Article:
Enterprises may find virtualization to be a wise method of granting extra life to their existing apps, enabling them to run on modern platforms. Technologies like iFactr can offer the faster, less expensive, and lower risk option of virtualizing apps – and adding modernized user experience aspects while leaving the user’s familiarity and the app’s functionality intact. In this way, enterprises needing to move to new devices because of sunsetting support can enjoy a simplified, more predictable migration.

Live Long and Prosper

Given the root cause of why most enterprises must search for a new OS to tie to their mobile needs in the first place – the end of support for their current OS, as is the case for Windows CE and Windows Mobile users – the longevity of a popular platform is one of the strongest arguments for why developers should adopt them. While certain versions may sunset, there can be no doubt that Android will be supported and available in some form as far into the future as the eye can see, representing a tangible value for enterprises in their long-term planning.

History is littered with counterexamples of mobile OS choices forced to exit enterprise consideration because they stumbled in the consumer marketplace and ceased to be. Take a moment to remember Samsung’s Bada OS (a contender for two-and-a-half years), Windows Phone 7 (two years), and Microsoft Kin (just four months).

So What About iOS?

Of the multiple other platforms out there for enterprise developers to consider, iOS controls nearly the entire consumer marketshare not held by Android – which, globally, is about 20% according to IDC. In the United States, of course, iOS’ popularity is higher. The Vision Mobile report also finds that, like Android, iOS is targeted by a majority of developers, who develop for about 1.75 platforms on average. It may make sense for enterprises to consider iOS as another mobile OS with similar popularity advantages to Android but on a smaller, less near-ubiquitous scope. Certain businesses possessing special circumstances for which iOS makes sense – a synergy or affinity for Apple products, for instance – should also be able to realize the benefits of leveraging a successful consumer OS as mentioned above.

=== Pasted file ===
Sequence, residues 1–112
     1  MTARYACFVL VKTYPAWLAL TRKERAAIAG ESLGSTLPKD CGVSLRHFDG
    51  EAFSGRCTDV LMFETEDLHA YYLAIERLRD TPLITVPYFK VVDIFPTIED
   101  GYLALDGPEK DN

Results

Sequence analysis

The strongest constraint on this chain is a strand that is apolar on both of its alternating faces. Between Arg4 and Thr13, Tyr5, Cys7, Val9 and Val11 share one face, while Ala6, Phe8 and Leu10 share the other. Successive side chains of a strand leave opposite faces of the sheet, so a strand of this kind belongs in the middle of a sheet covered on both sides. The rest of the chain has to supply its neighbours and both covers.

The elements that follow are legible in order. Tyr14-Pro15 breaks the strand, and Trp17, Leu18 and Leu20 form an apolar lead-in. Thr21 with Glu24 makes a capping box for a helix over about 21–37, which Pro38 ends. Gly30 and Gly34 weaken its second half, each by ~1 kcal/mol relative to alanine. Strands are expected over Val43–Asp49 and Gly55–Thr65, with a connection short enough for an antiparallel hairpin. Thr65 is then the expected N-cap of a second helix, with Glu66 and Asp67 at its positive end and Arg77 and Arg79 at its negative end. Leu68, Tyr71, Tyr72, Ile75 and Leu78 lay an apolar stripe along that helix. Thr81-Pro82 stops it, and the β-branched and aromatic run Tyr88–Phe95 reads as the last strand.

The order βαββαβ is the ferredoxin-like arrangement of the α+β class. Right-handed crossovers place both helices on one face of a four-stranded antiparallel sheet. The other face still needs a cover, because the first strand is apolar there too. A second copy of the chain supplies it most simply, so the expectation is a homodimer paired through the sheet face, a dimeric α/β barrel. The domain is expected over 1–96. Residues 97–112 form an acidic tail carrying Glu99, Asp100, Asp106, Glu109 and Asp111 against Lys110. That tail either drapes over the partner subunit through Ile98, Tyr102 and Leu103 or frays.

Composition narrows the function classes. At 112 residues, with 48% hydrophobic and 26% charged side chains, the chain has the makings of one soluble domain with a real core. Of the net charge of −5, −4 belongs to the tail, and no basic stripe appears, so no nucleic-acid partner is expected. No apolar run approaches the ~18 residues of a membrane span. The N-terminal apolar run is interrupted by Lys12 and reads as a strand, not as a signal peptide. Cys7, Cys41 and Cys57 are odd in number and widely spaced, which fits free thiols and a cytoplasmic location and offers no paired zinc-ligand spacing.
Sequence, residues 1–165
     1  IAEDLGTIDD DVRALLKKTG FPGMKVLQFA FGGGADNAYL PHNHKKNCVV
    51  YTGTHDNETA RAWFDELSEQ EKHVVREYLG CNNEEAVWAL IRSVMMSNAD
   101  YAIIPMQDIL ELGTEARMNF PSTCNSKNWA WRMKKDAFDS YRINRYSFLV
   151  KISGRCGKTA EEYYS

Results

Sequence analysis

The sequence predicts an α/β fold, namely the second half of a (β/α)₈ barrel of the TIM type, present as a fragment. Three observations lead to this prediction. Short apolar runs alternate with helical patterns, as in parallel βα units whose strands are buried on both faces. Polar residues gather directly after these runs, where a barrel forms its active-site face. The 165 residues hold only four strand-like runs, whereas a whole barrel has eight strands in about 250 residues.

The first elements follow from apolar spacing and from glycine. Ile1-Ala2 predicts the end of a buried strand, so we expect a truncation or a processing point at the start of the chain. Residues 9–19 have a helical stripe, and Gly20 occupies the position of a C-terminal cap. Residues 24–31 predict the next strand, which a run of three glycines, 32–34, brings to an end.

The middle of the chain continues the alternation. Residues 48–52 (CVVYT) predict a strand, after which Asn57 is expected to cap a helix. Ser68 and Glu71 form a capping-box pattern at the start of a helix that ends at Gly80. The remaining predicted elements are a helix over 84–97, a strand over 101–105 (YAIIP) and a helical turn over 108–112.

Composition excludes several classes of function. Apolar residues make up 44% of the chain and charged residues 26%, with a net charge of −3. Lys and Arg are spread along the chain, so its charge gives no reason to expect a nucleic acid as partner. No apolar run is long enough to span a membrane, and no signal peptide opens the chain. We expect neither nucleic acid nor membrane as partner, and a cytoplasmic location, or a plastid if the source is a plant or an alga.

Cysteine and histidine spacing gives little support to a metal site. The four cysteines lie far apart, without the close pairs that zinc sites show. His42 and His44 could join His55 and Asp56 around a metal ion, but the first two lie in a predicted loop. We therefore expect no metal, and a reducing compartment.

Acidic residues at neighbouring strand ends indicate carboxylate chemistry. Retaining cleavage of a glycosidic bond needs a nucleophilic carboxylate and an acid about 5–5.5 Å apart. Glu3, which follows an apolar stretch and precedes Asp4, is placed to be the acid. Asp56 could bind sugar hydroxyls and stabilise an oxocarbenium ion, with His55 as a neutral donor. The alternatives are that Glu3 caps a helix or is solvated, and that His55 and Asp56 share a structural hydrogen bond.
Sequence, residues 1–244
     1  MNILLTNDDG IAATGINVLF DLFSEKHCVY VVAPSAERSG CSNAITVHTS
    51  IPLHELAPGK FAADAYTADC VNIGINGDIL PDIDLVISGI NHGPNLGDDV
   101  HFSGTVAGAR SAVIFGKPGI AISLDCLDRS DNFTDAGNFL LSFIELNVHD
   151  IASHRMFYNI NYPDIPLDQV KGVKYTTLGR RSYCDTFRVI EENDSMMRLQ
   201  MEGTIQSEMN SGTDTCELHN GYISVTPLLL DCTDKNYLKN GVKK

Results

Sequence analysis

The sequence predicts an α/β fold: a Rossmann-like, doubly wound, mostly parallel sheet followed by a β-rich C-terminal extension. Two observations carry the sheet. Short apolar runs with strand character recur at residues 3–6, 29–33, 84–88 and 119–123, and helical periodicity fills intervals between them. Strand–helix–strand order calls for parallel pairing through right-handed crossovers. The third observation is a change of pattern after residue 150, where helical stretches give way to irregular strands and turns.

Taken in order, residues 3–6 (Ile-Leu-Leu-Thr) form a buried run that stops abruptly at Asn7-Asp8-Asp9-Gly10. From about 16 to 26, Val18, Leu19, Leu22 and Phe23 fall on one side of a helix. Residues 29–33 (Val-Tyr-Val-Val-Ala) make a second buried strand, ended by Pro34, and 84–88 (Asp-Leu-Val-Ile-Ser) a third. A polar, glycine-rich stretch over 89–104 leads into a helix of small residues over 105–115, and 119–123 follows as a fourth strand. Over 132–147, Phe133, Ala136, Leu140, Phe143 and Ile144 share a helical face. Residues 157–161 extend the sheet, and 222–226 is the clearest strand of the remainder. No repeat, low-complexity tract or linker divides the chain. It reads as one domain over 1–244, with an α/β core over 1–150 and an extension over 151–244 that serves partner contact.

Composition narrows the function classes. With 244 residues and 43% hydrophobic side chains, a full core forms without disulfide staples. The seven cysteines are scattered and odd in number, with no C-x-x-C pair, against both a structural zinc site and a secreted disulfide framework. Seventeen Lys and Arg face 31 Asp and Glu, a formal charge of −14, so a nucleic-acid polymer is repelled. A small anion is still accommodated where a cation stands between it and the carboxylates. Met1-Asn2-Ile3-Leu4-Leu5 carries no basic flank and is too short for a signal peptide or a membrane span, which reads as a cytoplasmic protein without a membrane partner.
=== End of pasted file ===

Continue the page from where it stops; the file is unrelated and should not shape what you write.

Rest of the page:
In Conclusion...

Windows 10, iOS, and (especially) Android all potentially have what it takes to curtail enterprise OS fragmentation, leverage workers’ existing familiarity, and provide reliable longevity to enterprises seeking to invest in a new mobile OS that will go the distance and enjoy robust vendor support. (But certainly Android, with its global ubiquity and association with Java, can be seen as having the inside track to win even more of the enterprise mobile OS market.) Those enterprise developers seeing the sunset of their current OS and in need of a new platform should weigh this information along with their specific needs – but also begin as soon as possible to put their transition plan into action.

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android, app development, enterprise, enterprise apps, ios, mobile, mobile os, os, windows

Published at DZone with permission of Mark Kirstein . See the original article here.